While the true wireless earphones trend may have died down over the first quarter of the year, Taiwanese company Erato is still focusing on its line of such devices hoping to carve a niche in such a market.
The Erato Wireless Muse 5 is a much better attempt at true wireless earphones than the company's Apollo 7, but is still too pricey to endear itself to many consumers.
When I first tried Erato's debut earphones, the Apollo 7, last year, I was less than impressed by their muddy sound quality, finicky design and the fact that the Taiwanese company packaged all that for almost $500.
Thankfully, the Muse 5 is a much better product, and a heartening sign that a promising audio company is improving on its goods.
While it is much cheaper, coming in at $359 as opposed to the Apollo 7's $499, the Muse 5 is still not cheap by any means. There are many (wired) earphones in that range that sound and perform better.
But those who insist upon the convenience of such wireless earphones should find the Muse 5 to their liking.
DRIVER DIAMETER: 5.8mm
FREQUENCY RESPONSE: 20Hz - 20kHz
WEIGHT: 17g (each)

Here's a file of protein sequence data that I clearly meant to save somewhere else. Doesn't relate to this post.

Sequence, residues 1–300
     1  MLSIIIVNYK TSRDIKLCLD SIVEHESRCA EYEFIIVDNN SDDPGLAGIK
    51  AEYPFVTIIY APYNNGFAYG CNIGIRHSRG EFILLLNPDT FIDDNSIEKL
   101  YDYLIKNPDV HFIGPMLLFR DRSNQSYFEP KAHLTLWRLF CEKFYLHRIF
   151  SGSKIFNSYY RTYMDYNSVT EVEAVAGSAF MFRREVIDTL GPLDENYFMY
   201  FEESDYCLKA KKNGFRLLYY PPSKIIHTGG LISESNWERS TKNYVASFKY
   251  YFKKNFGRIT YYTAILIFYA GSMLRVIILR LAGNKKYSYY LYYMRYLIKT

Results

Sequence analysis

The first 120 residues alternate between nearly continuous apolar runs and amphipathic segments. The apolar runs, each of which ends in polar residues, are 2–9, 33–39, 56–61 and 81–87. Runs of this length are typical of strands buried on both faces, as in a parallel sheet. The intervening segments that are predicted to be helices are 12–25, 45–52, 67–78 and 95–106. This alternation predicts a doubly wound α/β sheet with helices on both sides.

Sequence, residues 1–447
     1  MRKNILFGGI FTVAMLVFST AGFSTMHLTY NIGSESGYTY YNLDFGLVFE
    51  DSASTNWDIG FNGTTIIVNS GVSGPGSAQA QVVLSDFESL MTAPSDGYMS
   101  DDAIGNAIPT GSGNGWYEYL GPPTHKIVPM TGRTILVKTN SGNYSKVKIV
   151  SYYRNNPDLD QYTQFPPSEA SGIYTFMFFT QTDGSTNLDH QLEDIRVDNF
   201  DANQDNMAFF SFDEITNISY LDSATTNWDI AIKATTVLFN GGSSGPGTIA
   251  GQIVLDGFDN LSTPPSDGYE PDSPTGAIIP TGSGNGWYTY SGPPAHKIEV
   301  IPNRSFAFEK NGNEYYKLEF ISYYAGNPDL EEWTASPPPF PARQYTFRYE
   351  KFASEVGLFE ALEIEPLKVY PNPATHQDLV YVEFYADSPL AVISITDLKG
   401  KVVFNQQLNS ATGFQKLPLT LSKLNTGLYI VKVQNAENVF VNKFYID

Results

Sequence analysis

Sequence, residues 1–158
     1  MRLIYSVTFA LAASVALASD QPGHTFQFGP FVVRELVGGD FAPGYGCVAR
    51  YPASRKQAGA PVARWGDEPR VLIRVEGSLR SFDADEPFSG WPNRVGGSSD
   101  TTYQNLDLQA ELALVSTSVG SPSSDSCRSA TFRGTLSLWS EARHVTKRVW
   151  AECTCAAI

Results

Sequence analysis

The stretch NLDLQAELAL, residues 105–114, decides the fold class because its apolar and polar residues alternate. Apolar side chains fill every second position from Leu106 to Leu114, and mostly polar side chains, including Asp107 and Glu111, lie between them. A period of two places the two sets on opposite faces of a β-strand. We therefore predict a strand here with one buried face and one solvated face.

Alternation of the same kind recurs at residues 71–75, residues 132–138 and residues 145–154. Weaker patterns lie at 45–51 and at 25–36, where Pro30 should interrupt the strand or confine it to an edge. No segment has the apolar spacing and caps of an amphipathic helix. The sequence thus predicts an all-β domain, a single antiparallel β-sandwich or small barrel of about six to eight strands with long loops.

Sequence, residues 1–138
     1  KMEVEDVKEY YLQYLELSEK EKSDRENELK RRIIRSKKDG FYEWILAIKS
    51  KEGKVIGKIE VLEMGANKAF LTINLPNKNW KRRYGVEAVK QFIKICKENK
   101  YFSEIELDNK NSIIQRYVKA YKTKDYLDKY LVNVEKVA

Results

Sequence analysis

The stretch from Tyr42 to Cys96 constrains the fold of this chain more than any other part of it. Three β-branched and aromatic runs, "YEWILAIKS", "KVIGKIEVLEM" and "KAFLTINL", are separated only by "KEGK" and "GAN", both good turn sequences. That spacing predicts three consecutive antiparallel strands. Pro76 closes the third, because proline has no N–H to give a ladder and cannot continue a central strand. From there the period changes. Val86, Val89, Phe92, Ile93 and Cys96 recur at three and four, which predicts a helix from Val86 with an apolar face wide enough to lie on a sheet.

VALUE FOR MONEY: 3/5
Where the Apple AirPods are slim and long, the Muse 5 earphones are round and bulky, sticking out like giant marshmallows from the ears. The carrying case is too large for a jeans pocket.
Still, they are light and comfortable enough to wear for long periods. They are also secure because of interchangeable rubber seals that keep them in the ears without the need for stabiliser wings.
The battery lasts for a good while too - 4hr on a full charge. The carrying case doubles as a charge case that holds up to two full charges, so intermittently charging the earpieces whenever I store them meant that I was never out of juice provided I remember to charge the case about once a week.
The earphones connect to your music player through Bluetooth 4.1, supporting a wide range of codecs such as AptX, AAC and SBC.
Sound quality of the Muse 5 is much improved from the Apollo. It is bassy with a distinct warmness, and is happily quite clear and loud through the Bluetooth connection.
On pop singer's Lana Del Rey's latest single, Love, the Muse 5 complemented her dark orchestral backdrop. But there is still some muddiness in the mids and treble, which can affect the quality of vocals and instruments such as strings.
Unfortunately, the Muse 5 is still plagued with connectivity issues, cutting out on several occasions and forcing me to restart them to get disruption-free connectivity.
Such issues aside, the Muse 5 did grow on me over time. While I would prefer a good set of headphones anytime, these were the earphones I turned to on occasions when I was willing to sacrifice some audio quality for portability and convenience.
•Verdict: The Erato Muse 5 is still rather pricey for what they are, but they are a substantial improvement over the company's previous earphones and a good sign of things to come from Erato.